Small Batch Preserving

This past weekend, I harvested about 5 pounds of tomatoes, 3 or so cups of lima beans, and a whole bunch of green beans.

Too much to eat but not enough to can.

What do I do when this happens?

Preserve in small batches! Small-batch preserving is a great way to make sure the veggies I’ve worked so hard to grow don’t go to waste.

Here’s how I preserve lima beans, tomatoes, and green beans—all in small batches.

Small batch preserving: tomatoes, lima beans, green beans

Lima Beans

Lima beans are a lesson in patience every year. I always expect them to be ready earlier than they are and I most definitely have to get in my zone when it comes to shelling them.

I’m not really complaining because both my husband and I love lima beans. It’s worth the lesson!

I have to admit I’ve never canned lima beans—I always freeze them. Here’s the nifty way I do it because there’s no blanching required. Yay!

Tomatoes

I love slow roasting and freezing tomatoes. However, I don’t always want to take the time or heat up the kitchen. In the past, I’ve frozen whole tomatoes but they usually just hung out in the freezer for way too long.

Today, I decided to stew and freeze the tomatoes. Could not be any easier and I’m looking forward to using these tomatoes in soups and stews this winter.

Green Beans

At last count, I have 12 pints of canned green beans. That might not be enough for some but it’s a good start for my husband and me.

After this weekend’s bean harvest, I didn’t feel like canning again and decided to freeze the green beans, which I usually blanch.

However, sometimes I cook the beans with garlic and black pepper for 30 minutes or so.

After I cook the beans, I fill a jar with them, add cooking liquid, let them cool, pop on a lid, and then pop them in the freezer. They’ll be great in soups and stews along with the tomatoes.

A Note About Containers

I try to stay away from one-time use plastic (like freezer bags, etc.). While it’s not always possible, I’ve been happily freezing in both Ball freezer jars (yes, I know they’re plastic but they’re reusable) and Ball wide mouth mason jars.

Learn how to freeze food in mason jars.

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My Week In Pictures

Some of the week’s highlights.

1. Downy Woodpecker on the disco feeder. Believe it or not, the ribbons and nuts/washers keep House Sparrows from taking over this feeder.

2. Monarch resting on my favorite River Birch tree.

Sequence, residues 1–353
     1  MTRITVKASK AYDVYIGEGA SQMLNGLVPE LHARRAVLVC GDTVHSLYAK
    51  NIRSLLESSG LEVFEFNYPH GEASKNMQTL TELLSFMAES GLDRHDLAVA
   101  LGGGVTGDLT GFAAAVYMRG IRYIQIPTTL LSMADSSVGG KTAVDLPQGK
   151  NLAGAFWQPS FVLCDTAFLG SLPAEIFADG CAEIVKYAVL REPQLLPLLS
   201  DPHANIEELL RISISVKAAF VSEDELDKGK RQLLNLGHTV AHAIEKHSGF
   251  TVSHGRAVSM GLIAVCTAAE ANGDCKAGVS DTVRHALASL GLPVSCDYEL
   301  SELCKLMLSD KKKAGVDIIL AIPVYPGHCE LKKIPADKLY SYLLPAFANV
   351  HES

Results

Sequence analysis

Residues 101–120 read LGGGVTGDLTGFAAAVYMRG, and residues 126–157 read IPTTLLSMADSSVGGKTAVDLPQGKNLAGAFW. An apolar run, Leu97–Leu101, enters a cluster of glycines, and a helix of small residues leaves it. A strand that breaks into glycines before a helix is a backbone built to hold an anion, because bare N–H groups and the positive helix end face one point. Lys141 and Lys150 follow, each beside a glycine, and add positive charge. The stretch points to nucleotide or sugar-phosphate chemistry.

3. Pollinators are loving the Mexican Sunflower. I plant these every year.

4. Lima beans teach me patience. I always expect them to be ready for harvest earlier. And, once I pick them, I have to get in the “lima bean shelling” zone.

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My Week In Pictures

Some of the week’s highlights.

1. Checked out The Pioneer Engineers Club tractor show in Rushville, Indiana with the husband. More interesting than you might think it would be!

Tractor Show | Horseradish & Honey

2. Fresh lima beans for dinner on Sunday.

Fresh Lima Beans | Horseradish & Honey

3. So many butterflies in the garden. Two of my favorite pictures from this week.

4. Found this acorn squash, which was a nice surprise because I thought all of my plants succumbed to the squash vine borers.

Surprise Acorn Squash | Horseradish & Honey

5. Spotted another Hummingbird Clearwing Moth. So fascinating. Did you see the video I posted last month?

Hummingbird Moth | Horseradish & Honey

6. Small shallot harvest. I planted just a few in the spring to make sure I’ll have enough to get through the winter. I’ll be planting more this fall and will harvest a lot more in the spring. Long way of explaining fall-planted shallots are generally more prolific than spring-planted ones for me.

Shallot Harvest | Horseradish & Honey

7. I’m so happy and fulfilled these days. Loving my gardening life AND loving my work life. Started a new office job this week in addition to my ongoing virtual assistant job. No complaints!

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My Week In Pictures

Some of the week’s highlights.

1. Lovely, lush cucumber plants.
Lush Cucumber Plants | Horseradish & Honey

2. First batch of fermented pickles.

Fermented Pickles | Horseradish & Honey

3. Finally harvesting tomatoes of all different sizes!

Early August Tomato Harvest | Horseradish & Honey

4. Lima beans! Yay!!

Lima Beans! | Horseradish & Honey

5. Bees are loving the Rose of Sharon.

Bee on Rose of Sharon Bloom | Horseradish & Honey

6. Monarchs are loving the zinnias, too. I’ve seen a monarch in the garden every day this week. Makes me feel like I’m doing something right!

Monarch Butterfly on Pink Zinnia | Horseradish & Honey

7. Newest patch of butterfly weed blooming.

Blooming Butterflyweed | Horseradish & Honey

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August Notes to Self

So, here we are at the beginning of August.  And I continue to be the worst about noting what’s going on in the garden.

I’m super enthusiastic in February when I create a multi-tabbed spreadsheet to capture everything from when I started seeds inside or sowed outside to when seeds germinated to when I first harvested and how much I harvested.  Not to mention varieties of vegetables, days to harvest, and a bunch of other information that I generally never bother looking at again.

Maybe I need to try a bullet journal? But an online version because I can barely read my own handwriting. 🙂

Instead of lamenting my poor note-taking skills, I’m going to try this notes to self idea. At the very least, I may review it when I start planning in 2018!

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